De Aquí y de Allá
By Nancy Flores
I struggled with defining my identity since I moved to Wisconsin. When I was 7 years old I moved to a town of about 7,000 people called Lake Geneva. I moved to this town from the city where I was born, East Los Angeles where I attended a bilingual Montessori school that I loved, where I had a lot of friends, and amazing teachers. In L.A. being bilingual was the norm; blending Mexican and American culture was the way of life. When I moved to Lake Geneva I spoke only English because I was the only person who spoke Spanish and I was one of two Latinos in my entire class. It was a culture shock so, I assimilated to my new environment. I only spoke Spanish at home, and watched movies, read books and magazines that had nothing to do with Chicano culture or any culture that wasn’t White. I did this because that was my environment. I wanted to fit in.
Looking non-white in a White culture can bring a slew of identity and self-esteem questions. I couldn’t help but think that no matter how I acted, how smart I thought I was, I still wasn’t like everyone else, and racial microagressions by my peers reminded me of this nearly everyday. These comments ranged from “Wow, you speak really good English, how did you learn it?” to “You’re actually very pretty for a Mexican girl.” Well gee, I was born and raised in the U.S. so maybe that’s why I speak English and I’m sorry that I don’t fit your fucked up and unrealistic stereotype that Mexican girls aren’t pretty.
When I was that age I didn’t really question these comments, because I didn’t want a confrontation to result in me feeling like even more of an outcast; microagressions like these were (and are) destructive, they made me feel (and I’m sure many other young POC) like I didn’t belong. I went through phases of not accepting myself, self-loathing and feeling like I would never fit in. As if our teen years are not enough of a mess, add believing that you need to hide your ethnicity as best you can, so it’s not all up in someone’s face or risk getting called a “Taco”.
But let’s be real, tacos are delicious, and being Chicana is just as badass. This takes me into my real formative years: college.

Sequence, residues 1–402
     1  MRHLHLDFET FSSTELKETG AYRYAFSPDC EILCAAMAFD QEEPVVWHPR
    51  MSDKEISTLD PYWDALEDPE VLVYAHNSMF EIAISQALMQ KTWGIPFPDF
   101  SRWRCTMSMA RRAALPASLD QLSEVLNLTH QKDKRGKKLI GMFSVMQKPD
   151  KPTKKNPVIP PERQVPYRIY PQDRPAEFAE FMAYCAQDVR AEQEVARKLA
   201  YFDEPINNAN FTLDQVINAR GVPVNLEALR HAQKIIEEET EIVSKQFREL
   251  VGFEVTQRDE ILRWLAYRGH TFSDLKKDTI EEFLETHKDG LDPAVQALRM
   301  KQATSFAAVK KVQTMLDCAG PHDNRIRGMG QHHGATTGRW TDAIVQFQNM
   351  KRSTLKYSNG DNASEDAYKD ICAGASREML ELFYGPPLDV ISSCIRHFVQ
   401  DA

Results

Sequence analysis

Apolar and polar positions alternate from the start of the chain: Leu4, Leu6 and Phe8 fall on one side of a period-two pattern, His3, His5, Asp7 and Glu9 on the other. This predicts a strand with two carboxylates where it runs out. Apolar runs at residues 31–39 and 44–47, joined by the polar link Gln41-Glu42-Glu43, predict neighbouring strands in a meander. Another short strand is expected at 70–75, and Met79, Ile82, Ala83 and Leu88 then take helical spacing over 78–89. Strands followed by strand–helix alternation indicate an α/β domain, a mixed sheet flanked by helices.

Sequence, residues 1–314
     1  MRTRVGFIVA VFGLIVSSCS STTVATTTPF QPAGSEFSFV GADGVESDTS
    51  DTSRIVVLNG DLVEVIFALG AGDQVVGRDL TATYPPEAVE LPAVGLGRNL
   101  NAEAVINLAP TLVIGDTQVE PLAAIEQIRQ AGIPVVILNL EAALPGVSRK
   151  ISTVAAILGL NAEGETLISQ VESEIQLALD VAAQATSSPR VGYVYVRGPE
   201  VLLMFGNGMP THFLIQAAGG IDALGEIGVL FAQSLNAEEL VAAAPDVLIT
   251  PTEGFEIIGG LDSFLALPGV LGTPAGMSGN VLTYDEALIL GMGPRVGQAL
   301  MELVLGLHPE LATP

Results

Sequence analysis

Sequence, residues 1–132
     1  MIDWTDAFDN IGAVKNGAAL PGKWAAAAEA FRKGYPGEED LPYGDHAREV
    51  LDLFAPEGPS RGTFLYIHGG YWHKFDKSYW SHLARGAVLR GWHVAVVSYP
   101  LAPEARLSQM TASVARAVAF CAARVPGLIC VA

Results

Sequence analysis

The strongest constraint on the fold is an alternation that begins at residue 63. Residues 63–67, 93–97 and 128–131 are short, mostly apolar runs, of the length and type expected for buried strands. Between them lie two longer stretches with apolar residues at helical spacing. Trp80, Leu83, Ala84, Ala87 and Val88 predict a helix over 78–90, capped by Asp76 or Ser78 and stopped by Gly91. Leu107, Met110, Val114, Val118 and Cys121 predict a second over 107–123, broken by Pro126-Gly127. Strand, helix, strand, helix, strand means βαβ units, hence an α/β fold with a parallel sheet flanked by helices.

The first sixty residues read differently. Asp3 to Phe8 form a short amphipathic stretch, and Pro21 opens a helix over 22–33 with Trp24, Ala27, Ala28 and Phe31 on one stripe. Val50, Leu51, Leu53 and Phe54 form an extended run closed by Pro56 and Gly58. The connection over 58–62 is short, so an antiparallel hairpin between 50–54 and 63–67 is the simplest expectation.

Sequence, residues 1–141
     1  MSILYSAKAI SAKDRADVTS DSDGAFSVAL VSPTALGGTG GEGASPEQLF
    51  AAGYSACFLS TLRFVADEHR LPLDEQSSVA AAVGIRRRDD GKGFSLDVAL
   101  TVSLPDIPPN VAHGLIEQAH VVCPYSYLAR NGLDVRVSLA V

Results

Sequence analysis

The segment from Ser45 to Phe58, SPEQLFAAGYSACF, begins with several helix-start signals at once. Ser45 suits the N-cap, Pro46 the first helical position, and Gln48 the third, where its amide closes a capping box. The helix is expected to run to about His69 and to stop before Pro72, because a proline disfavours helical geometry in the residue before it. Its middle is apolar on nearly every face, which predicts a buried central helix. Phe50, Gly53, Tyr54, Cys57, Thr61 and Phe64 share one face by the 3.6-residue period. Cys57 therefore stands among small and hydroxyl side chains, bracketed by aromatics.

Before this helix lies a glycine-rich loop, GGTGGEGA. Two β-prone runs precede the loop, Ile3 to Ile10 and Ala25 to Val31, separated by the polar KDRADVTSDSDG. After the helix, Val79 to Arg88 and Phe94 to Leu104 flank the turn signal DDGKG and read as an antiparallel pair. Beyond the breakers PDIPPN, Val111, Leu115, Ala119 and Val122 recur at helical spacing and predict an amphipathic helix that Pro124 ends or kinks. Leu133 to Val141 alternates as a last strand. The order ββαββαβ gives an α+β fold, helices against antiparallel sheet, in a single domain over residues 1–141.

Miguel came into my life at an interesting time. You know when people say, “don’t rush into a relationship, find yourself and then you’ll know what you really want.” It’s true, you need it to be able to value, have faith and love yourself before you can give that to any one else. I am my own person, and I love that. I am strong, resilient, passionate, smart and compassionate. I was this before Miguel. Because I loved myself, I was able to bring an added strength into our partnership. This is what has made us work, and has helped me continue to grow as an individual.
Miguel represented in many ways what I tried to hide about myself when I was growing up, not because I didn’t like it, but because I felt like that was my survival tactic. He was paisa, barely spoke English, was undocumented, yet he was the most fascinating and secure person I had ever met. From Miguel, I learned something very important: I deserve to be free and free means discovering and being completely in love with the mujer with a hell of a fighting spirit that I am. No more questions asked.
Don’t get me wrong; I acknowledge that I had a lot of opportunities, and privileges as I was growing up, and that the journey of finding myself to some people sounds like first-world problems type bullshit. However, I’ve learned that it’s about using the negativity and oppression to then fuel your ambitions to educate yourself (I don’t just mean school), and give opportunities to other POC when you are in a position to do so. It’s about creating change to systems that oppress us instead of conforming to them. On this journey one of the most important things that I learned is that staying true to your roots is imperative to loving yourself. Just think about how many sacrifices have been made by our parents/grandparents so that our lives could be better.
Pero, we still have a lot of work to do.
“Until we can all present ourselves to the world in our completeness, as fully and beautifully as we see ourselves naked in our bedrooms, we are not free.”- Merle Woo
For those that have ever felt that you’re not from here and also not quite from the motherland- take a step forward and challenge that! We are from here AND there. Somos de aquí y de allá.
It’s taken me 26 years but I now realize that I stand for equality and am an arduous fighter alongside womyn that ever thought they had to hate themselves while making a futile effort to be loved by others.
Originally from East Los Angeles, Nancy Flores is a Chicana raised in the midwest who currently resides in between Milwaukee, Wisconsin and Aguascalientes Mexico. She has two B.A’s and currently works as a Program Coordinator at Wisconsin’s leading low-wage worker and immigrant rights organization, Voces de la Frontera. She is married, the proud mommy of a Chinese Crested puppy named Kurt Cobain Lopez and her hobbies include blogging, feminist lit, agitating/organizing, and traveling. You can follow her blog here.